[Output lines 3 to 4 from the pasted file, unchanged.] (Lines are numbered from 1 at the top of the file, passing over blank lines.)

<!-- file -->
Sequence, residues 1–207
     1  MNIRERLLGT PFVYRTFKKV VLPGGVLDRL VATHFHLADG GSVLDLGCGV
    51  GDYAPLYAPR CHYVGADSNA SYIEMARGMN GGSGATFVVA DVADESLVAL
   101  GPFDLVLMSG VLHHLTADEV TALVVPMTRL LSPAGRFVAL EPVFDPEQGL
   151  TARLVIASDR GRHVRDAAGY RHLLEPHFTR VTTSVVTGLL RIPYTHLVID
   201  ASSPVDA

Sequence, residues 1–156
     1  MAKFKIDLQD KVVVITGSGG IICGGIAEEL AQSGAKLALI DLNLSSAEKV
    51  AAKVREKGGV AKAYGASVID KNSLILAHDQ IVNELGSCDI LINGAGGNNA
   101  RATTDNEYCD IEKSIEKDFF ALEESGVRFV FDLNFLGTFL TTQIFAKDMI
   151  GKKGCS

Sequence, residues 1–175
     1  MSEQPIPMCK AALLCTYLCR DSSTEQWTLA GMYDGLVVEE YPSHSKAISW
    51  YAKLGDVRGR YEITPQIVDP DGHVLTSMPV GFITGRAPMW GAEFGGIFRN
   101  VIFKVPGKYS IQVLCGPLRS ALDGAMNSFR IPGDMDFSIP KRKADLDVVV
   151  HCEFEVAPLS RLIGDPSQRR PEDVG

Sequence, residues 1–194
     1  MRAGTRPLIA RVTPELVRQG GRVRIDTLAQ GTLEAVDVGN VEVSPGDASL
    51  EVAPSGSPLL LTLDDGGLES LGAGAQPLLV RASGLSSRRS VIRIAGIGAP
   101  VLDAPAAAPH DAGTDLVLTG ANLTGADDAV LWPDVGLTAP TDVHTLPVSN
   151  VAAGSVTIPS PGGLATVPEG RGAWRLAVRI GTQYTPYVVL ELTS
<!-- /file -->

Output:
    51  GDYAPLYAPR CHYVGADSNA SYIEMARGMN GGSGATFVVA DVADESLVAL
   101  GPFDLVLMSG VLHHLTADEV TALVVPMTRL LSPAGRFVAL EPVFDPEQGL